At 22:37, we see ZeRo (Meta Knight) shown here being a complete bitch while attempting to time out a God (Diddy, shown here. AKA, ADHD.) You'll notice that at the VERY LAST SECOND, the damage is achieved which makes ZeRo lose. At the very last frame available to do damage. ZeRo's efforts were thwarted. Notice how Pierce tries to hug ZeRo, yet the salt has overcome him. The clock is a win condition, but it's not simple. It's not easy. One wrong move can cost you the game.
So you can do whatever tactics you want, even if they're frowned upon. But it takes just one good hit to cost you everything.
In this situation, yes. What you're not understanding is Melee wasn't made for the crowd. We have been playing Smash for over a decade and NOW Smash is starting to get an audience. We love them, sure—but this isn't anything new. We aren't all now groaning at this like "OH MY GOD THIS NEW THINGS IS BROKEN!" No. IC's always been a bitch character. Puff has always been a bitch character long before eSports. Hbox isn't trying to put on a show. He doesn't care about who's sleeping, who's booing him. Hbox is here for MONEY. He wants to WIN. And I commend him and respect him immensely for that.
So two quick talking points. When it comes to this kind of gameplay, even though no one likes it and it's boring, everyone kinda shrugs their shoulders because it's a tournament with money on the line. Correct? Because that's how it's always been?
He doesn't give a fuck, he's [trying to] make that bread. A career in eSports is not always stable, and in times like this where money and opportunities spring to the best players, Hbox is dishing L's. I mean, nobody shrugs, [people] still care and are mad or whatever. But end of day, he's not cheating, he's not being unfair. He's playing the game with the tools given. Listen, if you told me "Time this nigga out for six games in a row and I'll give you $10,000," buckle up fam! I don't give a FUCK about anything at that point. I'm gonna run. I [don't care] if I'm being a bitch. I'm a bitch with $10,000! LOL! CALL ME WHAT YA WANT, BUT YOU CAN'T CALL ME BROKE!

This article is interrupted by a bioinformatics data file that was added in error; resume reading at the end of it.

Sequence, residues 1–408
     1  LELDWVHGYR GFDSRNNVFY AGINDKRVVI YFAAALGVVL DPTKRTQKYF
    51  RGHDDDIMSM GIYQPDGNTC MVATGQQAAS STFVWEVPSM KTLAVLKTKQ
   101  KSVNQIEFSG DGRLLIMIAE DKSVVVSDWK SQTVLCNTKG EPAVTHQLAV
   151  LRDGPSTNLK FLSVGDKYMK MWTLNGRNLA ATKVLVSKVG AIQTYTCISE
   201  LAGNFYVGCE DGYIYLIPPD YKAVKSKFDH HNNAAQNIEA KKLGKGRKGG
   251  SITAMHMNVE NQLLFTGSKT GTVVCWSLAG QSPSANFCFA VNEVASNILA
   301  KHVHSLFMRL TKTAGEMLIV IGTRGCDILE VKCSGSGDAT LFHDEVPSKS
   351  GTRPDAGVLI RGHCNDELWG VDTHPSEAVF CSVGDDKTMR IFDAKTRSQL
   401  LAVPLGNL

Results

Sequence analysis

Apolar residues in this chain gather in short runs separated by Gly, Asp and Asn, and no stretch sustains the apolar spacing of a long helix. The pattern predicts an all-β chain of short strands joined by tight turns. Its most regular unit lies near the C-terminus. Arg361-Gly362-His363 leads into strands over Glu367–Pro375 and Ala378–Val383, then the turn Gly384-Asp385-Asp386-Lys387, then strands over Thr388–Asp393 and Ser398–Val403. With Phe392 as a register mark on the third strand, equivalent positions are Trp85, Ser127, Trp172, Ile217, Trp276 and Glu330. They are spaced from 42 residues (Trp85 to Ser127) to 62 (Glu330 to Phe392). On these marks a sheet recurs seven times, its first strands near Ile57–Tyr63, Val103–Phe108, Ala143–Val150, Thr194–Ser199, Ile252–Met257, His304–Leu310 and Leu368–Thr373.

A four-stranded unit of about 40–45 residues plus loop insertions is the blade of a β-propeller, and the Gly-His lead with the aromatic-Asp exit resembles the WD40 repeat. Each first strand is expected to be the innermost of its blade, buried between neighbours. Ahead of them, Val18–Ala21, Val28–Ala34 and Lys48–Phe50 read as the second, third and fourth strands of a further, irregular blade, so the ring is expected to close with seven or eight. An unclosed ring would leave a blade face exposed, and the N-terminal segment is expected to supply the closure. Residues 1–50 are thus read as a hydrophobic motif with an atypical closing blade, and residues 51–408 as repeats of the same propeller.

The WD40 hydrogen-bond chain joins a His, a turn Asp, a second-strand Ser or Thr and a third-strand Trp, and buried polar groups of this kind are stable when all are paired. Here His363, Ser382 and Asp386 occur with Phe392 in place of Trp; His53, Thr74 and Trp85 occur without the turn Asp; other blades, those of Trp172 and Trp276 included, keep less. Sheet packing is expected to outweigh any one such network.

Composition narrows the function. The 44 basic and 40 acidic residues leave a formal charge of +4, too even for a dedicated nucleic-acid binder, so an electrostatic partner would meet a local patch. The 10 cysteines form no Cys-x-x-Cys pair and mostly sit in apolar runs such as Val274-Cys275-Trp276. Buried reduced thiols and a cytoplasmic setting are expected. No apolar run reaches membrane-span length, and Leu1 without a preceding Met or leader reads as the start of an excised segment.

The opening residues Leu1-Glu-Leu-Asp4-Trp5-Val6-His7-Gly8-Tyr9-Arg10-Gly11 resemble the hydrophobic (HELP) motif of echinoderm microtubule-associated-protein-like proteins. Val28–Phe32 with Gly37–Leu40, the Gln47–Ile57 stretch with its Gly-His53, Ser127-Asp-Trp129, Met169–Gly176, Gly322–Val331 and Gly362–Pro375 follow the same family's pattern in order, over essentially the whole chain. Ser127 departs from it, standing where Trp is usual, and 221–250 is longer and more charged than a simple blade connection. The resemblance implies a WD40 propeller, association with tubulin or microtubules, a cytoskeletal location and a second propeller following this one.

LOL! I know this is a different topic, but does that happen? Are there players taking dives and drawing out matches for cash not in the tournament?
I ain't no snitch nigga. LOL, nah, I don't know. I mean, I'm sure it happens. M2k will literally do anything for money. You might think I'm using literally wrong, [I'd] like to emphasize my point. No, I mean, LITERALLY ANYTHING. So it wouldn't shock me.
Getting back to the original topic, do you think the system needs tweaking or changing to curb that kind of gameplay? Or is that taboo?
Nope. See, if this style of play was this rampant, then people other than Hbox would be up there but they aren't. Hbox is easily the best Jiggs by centuries, and there is nothing easy about competitive Melee. Nothing. So, no. No tweaks.
For me, not being a pro-player and more of a viewer, I have to look at things from an audience perspective. I get what you're saying about players not giving a fuck because they're playing for money. But when you have a game now publicized as a major eSport, the players have to know that organizers are trying to get more attention beyond hardcore fans. Does it ever come up that some people may be turned off from watching or being invested in tournaments because of results like this one? Or do the players not give a fuck how the organizers gain audiences?